Or at least, upper- and middle-class white men do. Which is another problem with the way we've all been writing about "hookup culture" -- it's nominally colorblind, but it assumes things like college and "careers" (as opposed to jobs) which probably means it's talking about rich white folks. My impression has been that poor and/or minority youth think and act somewhat differently from rich white youth, and although I don't feel qualified to explain it, I don't think it's okay for us to be relying on narratives which leave out the experience of poor people and people of color.

Race and class also affect the transition from adolescent masculinity to adult masculinity. In many cases, poor minority men aren't offered the same reinforcement of their masculine dominance as they grow up -- these men have fewer options for career advancement and fewer possibilities for status-symbolic consumption, and images of themselves as breadwinners and protectors can be difficult to cultivate.

Our images about the difference between "adolescent" and "adult" masculinity have a lot to do with the transition from transience and insecurity -- which correspond with what one might call "conquering" youthful masculinity -- to stability, power, and what might be called "controlling" masculinity. But this transition has a lot to do with race and class, because for many men the stability and power necessary for "adult" masculinity aren't available.

(By the way, I think the "courtship era" and the "dating era" played out somewhat differently for people of different races and classes too.)

1 comment:

  1. I argue that men seek woman not only for companionship, but for reproductive success. This is a Darwinian perspective, but some of what you posted fits here.

    "For example, when she starts talking about how women's value to men is increased by the possibility of cohabitation and marriage -- throwing in an aside about "even if men did half the housework" -- she neglects the fact that since, of course, men don't do half the housework, we have to see our desire for cohabitation in a different light. As they grow older, men stop seeing women as sex objects, because we realize they can be so much more useful than that -- they can cook, and clean, and raise up healthy sons."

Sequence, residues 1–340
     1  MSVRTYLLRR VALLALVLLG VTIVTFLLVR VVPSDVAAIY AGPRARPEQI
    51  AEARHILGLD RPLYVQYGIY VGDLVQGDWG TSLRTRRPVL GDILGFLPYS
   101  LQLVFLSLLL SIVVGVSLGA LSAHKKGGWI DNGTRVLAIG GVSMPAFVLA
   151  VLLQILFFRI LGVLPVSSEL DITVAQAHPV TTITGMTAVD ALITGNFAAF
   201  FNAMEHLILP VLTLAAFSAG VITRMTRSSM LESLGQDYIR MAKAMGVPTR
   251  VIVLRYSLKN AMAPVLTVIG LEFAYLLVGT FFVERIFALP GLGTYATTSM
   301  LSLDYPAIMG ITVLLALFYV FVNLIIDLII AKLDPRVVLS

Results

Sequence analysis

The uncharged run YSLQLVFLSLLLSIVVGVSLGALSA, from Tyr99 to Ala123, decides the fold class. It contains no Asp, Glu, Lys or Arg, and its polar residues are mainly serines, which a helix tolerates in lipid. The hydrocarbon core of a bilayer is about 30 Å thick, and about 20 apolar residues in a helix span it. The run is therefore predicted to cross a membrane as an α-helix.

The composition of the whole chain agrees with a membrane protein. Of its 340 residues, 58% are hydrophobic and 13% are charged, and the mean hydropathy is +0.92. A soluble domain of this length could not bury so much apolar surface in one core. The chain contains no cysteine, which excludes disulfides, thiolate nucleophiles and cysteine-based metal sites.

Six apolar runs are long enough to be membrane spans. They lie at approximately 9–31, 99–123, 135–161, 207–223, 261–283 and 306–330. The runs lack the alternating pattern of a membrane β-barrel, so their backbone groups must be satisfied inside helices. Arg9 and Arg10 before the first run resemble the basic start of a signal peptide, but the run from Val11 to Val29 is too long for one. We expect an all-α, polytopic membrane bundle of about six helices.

I am not arguing that you personally are party to and participate in this viewpoint, rather that you were elaborating on her point: women create good nesting environments for offspring. I know that you take issue with the Darwinian perspective, but this post does not address courtship or power displays in any other framework. Could you place courtship in a non-Darwinian sense? As a biological anthropologist, I have trouble thinking outside that framework.

    I agree that careers give an atmosphere where men can exhibit power displays to self-validate within the work sphere. There is a definite shift from validation through sexual conquest to validation through success at the work place.

    From an anthropological perspective, the more males that are in a room, the more power displays will occur. This is seen as early as childhood (talk by WR Jankowiak) and continue through adulthood.

    I agree that I cannot explain the differences in power displays between white and black males. However, what is missing from both your and Marcotte's posts is that lower class individuals will not have jobs that have a positive environment for validation. One who makes minimum wage won't be validated in the workplace and will continue to need outside validation. From that standpoint, lower class citizens would be stuck in the adolescent power display activities because validation would not come from any other source.

    These reinforce a positive feedback system in which the low paid employee does not feel validated within the work sphere, would not move up in work, and would look for outside interactions for support. What outside interactions are available? Here-in is the caveat. The disgruntled employee needs a sphere that is non-violent (ie: not gang related), where power displays are appropriate and power negotiation is available. (MBT)